Micklegate BarMicklegate from Micklegate barMicklegate bar marks the western entrance to the city and dominates the view along the approach from Blossom Street.  Stop just before you go onto the bar to have a look along Micklegate before leaving the wall. Come off the wall and be sure to have a look at the imposing structure of the bar from the traffic lights just outside the bar before continuing on down Micklegate.

Priory Street cornerTimbered building MicklegateMicklegate is probably notorious for the Micklegate run, a challeng to have a drink in every watering hole along the street.  However it does have some interesting buildings besides the publs. Here you can see the buildings at the junction with Priory Street and the gem of a timbered building next to it which includes a fish and chip shop if you are hungry!

Holy Trinity MicklegateJacob's WellJust beyond the timbered building on the right hand side as you proceed down Micklegate is the Holy Trinity Church. and then a little further on from the church a small detour down Trinity Lane brings you to an interesting building known as Jacob's Well a building dating back to the 15th century.  After this short diversion continue down Micklegate.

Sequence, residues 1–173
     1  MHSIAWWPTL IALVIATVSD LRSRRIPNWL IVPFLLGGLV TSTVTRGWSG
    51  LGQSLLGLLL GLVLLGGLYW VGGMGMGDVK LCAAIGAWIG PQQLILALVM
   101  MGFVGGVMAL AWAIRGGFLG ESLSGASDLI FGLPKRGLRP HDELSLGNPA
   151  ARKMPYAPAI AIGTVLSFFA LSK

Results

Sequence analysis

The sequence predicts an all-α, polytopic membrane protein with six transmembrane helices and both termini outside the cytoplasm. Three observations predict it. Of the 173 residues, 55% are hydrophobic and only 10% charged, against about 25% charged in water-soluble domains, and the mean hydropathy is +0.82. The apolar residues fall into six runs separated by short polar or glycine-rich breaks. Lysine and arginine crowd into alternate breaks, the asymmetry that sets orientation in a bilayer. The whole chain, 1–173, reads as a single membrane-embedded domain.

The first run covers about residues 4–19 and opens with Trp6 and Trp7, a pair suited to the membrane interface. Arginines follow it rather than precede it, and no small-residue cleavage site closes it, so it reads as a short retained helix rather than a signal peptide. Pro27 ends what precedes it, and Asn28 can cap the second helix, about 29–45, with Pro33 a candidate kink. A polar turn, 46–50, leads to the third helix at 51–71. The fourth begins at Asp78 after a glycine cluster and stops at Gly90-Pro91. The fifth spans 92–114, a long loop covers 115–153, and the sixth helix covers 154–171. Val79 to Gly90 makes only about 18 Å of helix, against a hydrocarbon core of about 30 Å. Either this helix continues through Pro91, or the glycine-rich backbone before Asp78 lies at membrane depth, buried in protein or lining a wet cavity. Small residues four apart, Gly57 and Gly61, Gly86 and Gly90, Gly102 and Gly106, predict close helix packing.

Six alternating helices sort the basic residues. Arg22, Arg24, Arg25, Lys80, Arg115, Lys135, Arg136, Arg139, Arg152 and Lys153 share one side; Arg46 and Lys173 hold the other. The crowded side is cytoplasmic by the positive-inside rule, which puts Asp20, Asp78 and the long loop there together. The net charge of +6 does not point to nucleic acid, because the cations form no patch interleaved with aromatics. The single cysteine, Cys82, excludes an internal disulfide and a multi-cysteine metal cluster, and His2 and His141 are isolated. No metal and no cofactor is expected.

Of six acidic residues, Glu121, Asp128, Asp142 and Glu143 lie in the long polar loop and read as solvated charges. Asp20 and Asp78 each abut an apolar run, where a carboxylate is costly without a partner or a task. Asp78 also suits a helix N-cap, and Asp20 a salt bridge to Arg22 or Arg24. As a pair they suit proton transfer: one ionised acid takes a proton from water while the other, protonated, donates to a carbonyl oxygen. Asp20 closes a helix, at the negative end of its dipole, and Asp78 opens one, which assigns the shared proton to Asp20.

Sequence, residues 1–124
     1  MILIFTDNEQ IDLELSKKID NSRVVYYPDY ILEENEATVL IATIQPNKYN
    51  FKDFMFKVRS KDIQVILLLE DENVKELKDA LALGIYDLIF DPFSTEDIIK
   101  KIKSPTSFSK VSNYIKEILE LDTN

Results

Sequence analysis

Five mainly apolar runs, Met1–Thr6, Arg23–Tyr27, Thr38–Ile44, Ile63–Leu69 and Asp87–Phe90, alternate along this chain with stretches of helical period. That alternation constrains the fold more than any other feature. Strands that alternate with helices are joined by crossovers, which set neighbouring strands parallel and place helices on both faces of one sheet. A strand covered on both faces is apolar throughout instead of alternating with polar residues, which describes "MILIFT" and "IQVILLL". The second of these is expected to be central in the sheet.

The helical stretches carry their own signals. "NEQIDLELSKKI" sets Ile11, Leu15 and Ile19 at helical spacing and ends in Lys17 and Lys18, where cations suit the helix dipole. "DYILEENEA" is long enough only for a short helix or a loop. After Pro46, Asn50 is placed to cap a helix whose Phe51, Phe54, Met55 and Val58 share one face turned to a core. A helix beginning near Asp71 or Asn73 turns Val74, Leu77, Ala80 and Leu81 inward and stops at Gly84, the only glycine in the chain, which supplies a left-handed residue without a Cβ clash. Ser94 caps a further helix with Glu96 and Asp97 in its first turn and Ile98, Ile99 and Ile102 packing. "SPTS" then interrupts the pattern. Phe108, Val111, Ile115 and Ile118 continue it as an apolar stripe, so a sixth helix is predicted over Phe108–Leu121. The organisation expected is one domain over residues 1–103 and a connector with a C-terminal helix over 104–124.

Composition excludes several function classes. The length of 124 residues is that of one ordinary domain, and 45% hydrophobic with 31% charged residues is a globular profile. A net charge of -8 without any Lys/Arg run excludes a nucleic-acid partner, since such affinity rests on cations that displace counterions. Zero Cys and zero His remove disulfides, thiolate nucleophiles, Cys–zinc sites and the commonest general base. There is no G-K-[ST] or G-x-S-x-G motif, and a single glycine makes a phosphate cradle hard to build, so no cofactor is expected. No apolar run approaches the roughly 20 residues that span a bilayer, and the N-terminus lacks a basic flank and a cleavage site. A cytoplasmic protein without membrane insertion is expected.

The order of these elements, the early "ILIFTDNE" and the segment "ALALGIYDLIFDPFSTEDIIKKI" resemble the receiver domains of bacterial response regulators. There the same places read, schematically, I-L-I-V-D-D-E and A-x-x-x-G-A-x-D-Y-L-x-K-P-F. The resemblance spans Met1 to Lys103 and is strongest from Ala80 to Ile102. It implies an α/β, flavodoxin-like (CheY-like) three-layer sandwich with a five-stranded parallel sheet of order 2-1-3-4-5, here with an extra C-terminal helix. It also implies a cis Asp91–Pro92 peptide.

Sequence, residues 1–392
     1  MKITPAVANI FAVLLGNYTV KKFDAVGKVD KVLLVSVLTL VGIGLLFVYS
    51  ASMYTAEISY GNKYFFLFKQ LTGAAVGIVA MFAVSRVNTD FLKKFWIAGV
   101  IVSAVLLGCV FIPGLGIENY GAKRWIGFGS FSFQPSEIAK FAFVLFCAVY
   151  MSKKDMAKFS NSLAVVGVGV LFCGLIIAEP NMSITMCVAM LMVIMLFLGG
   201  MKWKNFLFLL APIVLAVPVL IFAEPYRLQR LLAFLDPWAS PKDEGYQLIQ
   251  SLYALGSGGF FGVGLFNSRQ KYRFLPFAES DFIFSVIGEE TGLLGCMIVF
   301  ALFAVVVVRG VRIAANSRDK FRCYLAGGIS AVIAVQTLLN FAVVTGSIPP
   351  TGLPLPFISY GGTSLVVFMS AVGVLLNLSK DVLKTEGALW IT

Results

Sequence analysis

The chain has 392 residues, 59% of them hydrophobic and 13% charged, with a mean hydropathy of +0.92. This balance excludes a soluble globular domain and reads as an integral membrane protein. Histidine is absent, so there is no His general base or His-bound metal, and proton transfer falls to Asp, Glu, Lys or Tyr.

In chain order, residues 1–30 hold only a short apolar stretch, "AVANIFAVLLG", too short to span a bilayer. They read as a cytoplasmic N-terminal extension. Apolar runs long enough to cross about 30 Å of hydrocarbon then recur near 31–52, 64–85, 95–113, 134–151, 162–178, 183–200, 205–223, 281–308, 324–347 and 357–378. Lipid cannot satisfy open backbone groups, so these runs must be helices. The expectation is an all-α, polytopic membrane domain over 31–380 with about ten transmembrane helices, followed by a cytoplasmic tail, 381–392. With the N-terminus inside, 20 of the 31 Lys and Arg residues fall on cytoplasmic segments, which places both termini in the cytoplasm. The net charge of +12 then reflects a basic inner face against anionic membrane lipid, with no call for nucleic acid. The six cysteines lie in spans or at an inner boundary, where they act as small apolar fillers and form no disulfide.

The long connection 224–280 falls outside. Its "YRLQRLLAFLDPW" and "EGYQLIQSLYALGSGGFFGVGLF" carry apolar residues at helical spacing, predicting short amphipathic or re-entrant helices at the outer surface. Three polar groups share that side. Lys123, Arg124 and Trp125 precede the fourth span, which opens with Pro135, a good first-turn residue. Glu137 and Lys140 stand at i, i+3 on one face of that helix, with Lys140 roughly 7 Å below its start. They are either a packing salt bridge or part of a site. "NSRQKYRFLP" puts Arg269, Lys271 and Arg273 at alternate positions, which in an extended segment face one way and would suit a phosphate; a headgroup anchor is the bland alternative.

St. Martin's LaneAckhorneAt St. Martin's Lane we come to the second slightly longer diversion along the lane as far as the Ackhorne pub, pronounced Acorn.  This is probably one of the narrowest lanes in York and only just wide enough for a car.  On returning from the Ackhorne to Micklegate continue down the hill to the pedestrian crossing to cross the road and head into George Hudson Street.

Newey Clock - George Hudson StreetRailway OfficesAt one time the crescent shaped building was the Co-op department store but has long since been split up into smaller units. Worthy of note is the bracket clock on the wall manufactured by York clock maker George Newey and Son.  There other Newey clocks around York and it is worth watching out for them.  By the clock turn uphill along Tanner Row and then turn into Station Rise by the Railway Offices.  Pass under the city walls and out into the Cholera graveyard where the path swings to the left and follows the line of the wall.

Cholera GraveyardThe Cholera burial ground was set aside specially for victims of the 1832 cholera plague, probably brought from India via Sunderland.  It has a tranquil air even as commuters rush through it to get to the station along the broad paved pathway.  Some of the stones are now crumbling and only about twenty stones remain intact and readable.  A few short steps brings you out of the trees to the busy roadside and a crossing that will take you back to your starting point at York Railway Station.

Circular Walk 1
Circular Walk 2
Circular Walk 4